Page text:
So, I dug as hard as I could this time, much more strictly with myself than last time. And I turned up the following clipping from the Spartanburg, South Carolina Herald-Journal, an article dated July 8, 1962.

Yeah, she is the same girl, and yep, she still looks like Sophia — although the weight they give in the article is heavier than the one she listed two years later in Playboy. Either she went on a diet or the same fact-wrangler that invented her alternate name for her Playboy appearance also took liberties with her already-admirable figure.

Ms. Harrison placed as second runner-up in the Miss Dixie pageant; first place was Rita Wilson of Humbold, Tennessee (center in the above picture), and first runner-up was Susan Woodall of Weldon, North Carolina. There were twenty girls who competed altogether in the 1962 Miss Dixie pageant.

If you are like me and have been forced in your life, often against your will, to take your pageants seriously, or even if you are lucky enough to be unlike me and have never accidentally called the city of Patterson “a shithole” into an open mic during the Miss Apricot Fiesta competition, you may still be interested to read a little run-down of the Miss Dixie pageant rules.

Via the amazing Pageantopolis:

Miss Dixie (“Queen of the South”)

This southern states regional pageant was held annually during the Fourth of July holiday in Daytona Beach (FL) since 1946. It was held by the Daytona Beach Chamber of Commerce. It seemed to have been discontinued in 1968.

To be eligible for the Miss Dixie contest, the girls had to have placed first or second in another major contest and be from Florida, Georgia, North Carolina, South Carolina, Alabama, Virginia, West Virginia, Maryland, Kentucky, Tennessee, Mississippi, Missouri, Arkansas, Texas or the District of Columbia.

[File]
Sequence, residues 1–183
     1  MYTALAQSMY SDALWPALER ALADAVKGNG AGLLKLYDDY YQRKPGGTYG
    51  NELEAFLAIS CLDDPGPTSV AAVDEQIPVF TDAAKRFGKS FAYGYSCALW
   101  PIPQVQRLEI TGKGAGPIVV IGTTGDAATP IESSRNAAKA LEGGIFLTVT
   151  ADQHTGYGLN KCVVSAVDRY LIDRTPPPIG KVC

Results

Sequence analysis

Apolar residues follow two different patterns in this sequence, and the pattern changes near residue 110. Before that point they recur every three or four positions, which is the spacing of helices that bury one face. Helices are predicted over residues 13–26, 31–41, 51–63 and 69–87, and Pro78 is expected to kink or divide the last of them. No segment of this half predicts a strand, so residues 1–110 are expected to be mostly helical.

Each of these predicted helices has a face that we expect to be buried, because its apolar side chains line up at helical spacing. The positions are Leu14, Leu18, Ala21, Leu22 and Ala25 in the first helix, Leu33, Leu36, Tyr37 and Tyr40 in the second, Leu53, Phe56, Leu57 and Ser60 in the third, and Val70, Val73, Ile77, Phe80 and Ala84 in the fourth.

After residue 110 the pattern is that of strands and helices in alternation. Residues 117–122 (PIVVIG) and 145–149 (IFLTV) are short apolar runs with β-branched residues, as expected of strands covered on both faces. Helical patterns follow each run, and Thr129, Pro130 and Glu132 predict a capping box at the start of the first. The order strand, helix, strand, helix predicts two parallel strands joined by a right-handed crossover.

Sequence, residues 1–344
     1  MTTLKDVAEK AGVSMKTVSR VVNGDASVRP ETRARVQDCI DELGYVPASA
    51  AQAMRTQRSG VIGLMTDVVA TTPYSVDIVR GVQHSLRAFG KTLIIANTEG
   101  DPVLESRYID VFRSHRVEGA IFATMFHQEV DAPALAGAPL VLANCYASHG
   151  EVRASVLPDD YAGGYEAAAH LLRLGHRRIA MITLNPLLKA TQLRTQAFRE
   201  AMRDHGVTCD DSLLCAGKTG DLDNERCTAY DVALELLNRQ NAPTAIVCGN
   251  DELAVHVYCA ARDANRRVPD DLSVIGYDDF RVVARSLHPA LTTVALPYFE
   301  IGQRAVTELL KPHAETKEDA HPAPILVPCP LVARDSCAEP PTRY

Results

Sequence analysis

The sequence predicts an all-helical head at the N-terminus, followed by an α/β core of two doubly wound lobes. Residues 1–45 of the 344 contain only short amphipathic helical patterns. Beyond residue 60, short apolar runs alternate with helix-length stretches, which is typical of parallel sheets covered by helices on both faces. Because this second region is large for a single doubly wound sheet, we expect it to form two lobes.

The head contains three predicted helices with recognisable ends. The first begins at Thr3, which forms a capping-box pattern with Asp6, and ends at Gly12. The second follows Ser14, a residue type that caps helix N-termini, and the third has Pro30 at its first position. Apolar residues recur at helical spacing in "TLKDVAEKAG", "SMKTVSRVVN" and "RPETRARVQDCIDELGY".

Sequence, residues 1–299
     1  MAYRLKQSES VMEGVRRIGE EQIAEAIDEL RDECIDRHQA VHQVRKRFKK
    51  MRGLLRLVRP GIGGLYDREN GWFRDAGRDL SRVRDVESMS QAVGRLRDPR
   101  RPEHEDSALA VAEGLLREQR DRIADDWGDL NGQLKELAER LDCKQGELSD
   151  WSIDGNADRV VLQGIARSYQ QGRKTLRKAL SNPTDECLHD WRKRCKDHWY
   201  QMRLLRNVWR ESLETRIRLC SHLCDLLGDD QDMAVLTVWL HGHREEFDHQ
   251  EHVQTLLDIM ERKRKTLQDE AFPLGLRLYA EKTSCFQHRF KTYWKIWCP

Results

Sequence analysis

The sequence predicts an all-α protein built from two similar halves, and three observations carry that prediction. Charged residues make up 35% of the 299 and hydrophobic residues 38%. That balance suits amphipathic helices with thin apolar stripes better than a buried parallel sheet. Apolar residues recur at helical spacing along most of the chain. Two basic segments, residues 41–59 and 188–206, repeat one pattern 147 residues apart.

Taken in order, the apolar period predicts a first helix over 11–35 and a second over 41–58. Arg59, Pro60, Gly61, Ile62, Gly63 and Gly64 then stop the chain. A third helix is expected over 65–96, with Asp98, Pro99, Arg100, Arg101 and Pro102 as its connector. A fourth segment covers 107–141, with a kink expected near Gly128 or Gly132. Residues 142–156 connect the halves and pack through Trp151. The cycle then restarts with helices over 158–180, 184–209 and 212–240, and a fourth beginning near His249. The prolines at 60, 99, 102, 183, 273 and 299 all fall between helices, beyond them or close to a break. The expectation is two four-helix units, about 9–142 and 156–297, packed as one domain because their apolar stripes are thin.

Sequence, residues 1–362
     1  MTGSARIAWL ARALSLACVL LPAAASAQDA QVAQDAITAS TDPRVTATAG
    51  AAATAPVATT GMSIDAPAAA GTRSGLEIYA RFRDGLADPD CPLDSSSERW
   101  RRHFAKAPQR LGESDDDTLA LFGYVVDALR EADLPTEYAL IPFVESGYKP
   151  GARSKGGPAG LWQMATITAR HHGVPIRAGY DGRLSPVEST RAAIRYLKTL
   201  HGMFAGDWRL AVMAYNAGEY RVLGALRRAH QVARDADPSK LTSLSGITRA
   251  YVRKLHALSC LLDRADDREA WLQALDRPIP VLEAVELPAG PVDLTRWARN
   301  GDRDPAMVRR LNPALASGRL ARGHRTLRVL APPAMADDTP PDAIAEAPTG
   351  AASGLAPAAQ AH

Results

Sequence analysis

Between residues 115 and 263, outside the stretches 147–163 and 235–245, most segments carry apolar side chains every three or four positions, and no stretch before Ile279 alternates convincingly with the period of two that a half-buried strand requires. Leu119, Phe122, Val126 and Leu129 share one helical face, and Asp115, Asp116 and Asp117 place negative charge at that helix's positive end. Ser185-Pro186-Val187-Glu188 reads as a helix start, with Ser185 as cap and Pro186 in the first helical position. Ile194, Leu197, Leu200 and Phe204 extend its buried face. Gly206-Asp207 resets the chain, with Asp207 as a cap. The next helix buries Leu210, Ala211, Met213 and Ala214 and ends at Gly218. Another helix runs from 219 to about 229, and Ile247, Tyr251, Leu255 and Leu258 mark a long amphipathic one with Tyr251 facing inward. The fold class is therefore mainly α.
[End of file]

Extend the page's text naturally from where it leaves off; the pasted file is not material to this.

They must be unmarried & between the ages of 17 and 26. Eligible Southern beauties had until June 18 (2 weeks prior) to file their applications. From 1957 onwards, the first 20 successful applications were accepted for the pageant. There were a Top 7, from which the Top 3 were announced.

Each contestant was judged on five qualities: intellect (5%), personality (10%), appearance in evening gown (15%), talent (30%), and appearance in swim suit (30%). The judges each picked the girls they rated from first to seventh in each classification of competition. The girl with the highest cumulative point score became Miss Dixie. (source)

Nancy qualified to enter the Miss Dixie contest by earning the title of Miss Sun Fun South Carolina, a pageant held at Myrtle Beach. She came in second in the national competition about a month before the Miss Dixie pageant, on June 9, 1962 — the winner was Ginger Poitevint of Huntsville, Alabama. Nancy made an impressive showing at the Miss Sun Fun USA contest; besides being first runner-up in the pageant as a whole, she also took top honors in the Swimsuit and Photogenic categories.